World-Building: Both of these feature magical worlds that can be accessed via a platform. The problem I had with Platform 13 is we don’t actually spend a lot of time in the magical world. Instead we mainly follow a few magical beings through the real world as they try to complete their task. I didn’t like this. In Harry Potter, the readers get plenty of time in Hogwarts and the wizarding world. And Rowling’s world is much more vivid and well constructed. So Harry Potter wins this part (even when judging with just the first book), hands down. 1 to Rowling.

Action/Journey: Again, Platform 13’s characters spend too much time in the real world. It was getting old after awhile. Harry Potter kept me interested the whole time and built up the action appropriately. This was easy to chose. 1 to Rowling.

Characters/Friendship: The only character that I found interesting in Platform 13 was Odge and Doreen. Ben was okay, he’s the quintessential boy in a children’s book – selfless, humble and sweet. You see him a lot in children’s books, especially early children’s literature. There was some focus on friendship in the book, but it wasn’t presented well enough for me to be considered a powerful friendship. Harry Potter’s characters have entranced millions of people…and I can see why. Rowling’s characters definitely leave an impact. Harry was criticized as being too perfect in the first book, I can see that to some extent. But Harry almost had to be built up the way he was in the first book, he gets humbled later down the series. Overall, Rowling gives more attention to her characters and that’s why she wins this part. 1 for Rowling.

So this means Rowling: 4, Ibbotson: 1. Rowling wins! Now, please don’t think I’m biased. I love Harry Potter but I wouldn’t mind seeing a book that surpasses the series. In fact, I think The Edge Chronicles and School for Good and Evil series could beat it, in my eyes that is.

But exactly where are Harry Potter and Platform 13 similar? In mainly these following ways:

-There’s a platform that goes into a magical world.

-There’s a special boy treated poorly (typical in children’s lit)

-Raymond Trottle is a lot like Dudley Dursley (But fat, obnoxious kid is not an uncommon character type)

-There’s an old wizard (Again, not an uncommon character type.)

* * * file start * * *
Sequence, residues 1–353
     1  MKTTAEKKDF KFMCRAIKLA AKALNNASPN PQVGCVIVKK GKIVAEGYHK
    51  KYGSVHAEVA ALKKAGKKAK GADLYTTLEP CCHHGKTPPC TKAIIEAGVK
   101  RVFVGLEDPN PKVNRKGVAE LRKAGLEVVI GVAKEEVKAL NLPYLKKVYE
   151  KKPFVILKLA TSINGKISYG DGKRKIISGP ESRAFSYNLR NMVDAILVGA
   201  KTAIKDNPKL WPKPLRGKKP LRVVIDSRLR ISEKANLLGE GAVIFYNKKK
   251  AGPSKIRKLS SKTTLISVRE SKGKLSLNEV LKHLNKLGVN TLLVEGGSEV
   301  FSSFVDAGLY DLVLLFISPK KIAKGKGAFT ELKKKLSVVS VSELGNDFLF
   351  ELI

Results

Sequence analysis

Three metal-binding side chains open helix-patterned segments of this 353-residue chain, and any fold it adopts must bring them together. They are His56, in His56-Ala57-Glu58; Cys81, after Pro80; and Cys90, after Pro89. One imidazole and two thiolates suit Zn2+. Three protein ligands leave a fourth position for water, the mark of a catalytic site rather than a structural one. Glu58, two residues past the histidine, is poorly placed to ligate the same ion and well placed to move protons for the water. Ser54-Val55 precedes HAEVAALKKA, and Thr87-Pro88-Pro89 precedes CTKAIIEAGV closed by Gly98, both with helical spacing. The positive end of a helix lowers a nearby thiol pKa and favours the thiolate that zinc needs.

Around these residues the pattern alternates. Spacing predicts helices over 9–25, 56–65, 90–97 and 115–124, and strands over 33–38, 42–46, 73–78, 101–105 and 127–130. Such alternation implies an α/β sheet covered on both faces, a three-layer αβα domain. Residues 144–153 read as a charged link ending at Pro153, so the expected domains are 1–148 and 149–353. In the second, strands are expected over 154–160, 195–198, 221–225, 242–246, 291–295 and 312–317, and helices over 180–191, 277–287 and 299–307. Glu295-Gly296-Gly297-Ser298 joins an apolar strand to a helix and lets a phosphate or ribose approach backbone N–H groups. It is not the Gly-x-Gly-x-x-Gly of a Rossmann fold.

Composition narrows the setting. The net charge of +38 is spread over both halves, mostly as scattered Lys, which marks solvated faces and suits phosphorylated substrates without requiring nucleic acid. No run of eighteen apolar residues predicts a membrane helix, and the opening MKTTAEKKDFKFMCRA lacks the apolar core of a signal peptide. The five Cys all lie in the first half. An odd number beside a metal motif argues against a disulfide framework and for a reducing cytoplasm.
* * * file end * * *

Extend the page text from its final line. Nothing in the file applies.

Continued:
In the end, I don’t think there was any plagiarism. There’s just not enough similarities. Although I enjoy reading Harry Potter more, Platform 13 is a more original book that doesn’t do enough.

Flora and Ulysses: The Illuminated Adventures by Kate DiCamillo | Book Thoughts

flora and ulyssess

Flora loves comic books. She gets to experience somewhat of a real life comic book story when she befriends a squirrel with superpowers. There are also deeper philosophical undertones in the book as well.

Reading Experience: The writing is simplistic yet effective. The chapters are short and so the book is a fast read. There are many illustrations which helps further the reading experience. The best way to describe reading Flora and Ulysses is fun, there’s not a single uninteresting moment in the book.

Creativity/Originality: This is one of the most creative books I’ve read in awhile. It’s only a standalone but I could picture it becoming an amazing cartoon series. And let’s be honest, a premise about a squirrel with superpowers could have easily turned out to be stupid and over-the-top. But DiCamillo makes it into a beautiful, clever and funny story.

Characters: Flora Belle Buckman— she describes herself as a ‘natural-born cynic’ and loves comic books. The illustrations show her as a young girl with short hair and glasses. Much of her views on life seem to come from the comic books she reads. She’s overall a good character. I like that the narrative doesn’t throw in the reader’s face that she’s a ‘nerd’ or a ‘tomboy’ (most will probably get that impression on their own though). She’s just her. The only label she gets is ‘natural-born cynic.’ That’s all she needs.

Ulysses – The superpowered squirrel. His powers are gained by being sucked into a vacuum. His powers include super strength, flight and poetry writing. He’s cute and his friendship with Flora is heartwarming.

Phyllis Buckman – Flora’s mom, romance novelist, sociopath and worst character in the whole book. If there’s one flaw with the book it’s that it seems to expect the reader to forgive and like her by the end. Well, no. She wasn’t redeemed enough, at all. George Buckman – Flora’s dad and a sweet character that grows throughout the book. Him and Phyllis are divorced.

William Spiver – an eccentric, sunglass-wearing character who claims to be temporarily blind. He’s not like most kids and almost talks in riddles. Also has some unfortunate issues with his mom and her new husband.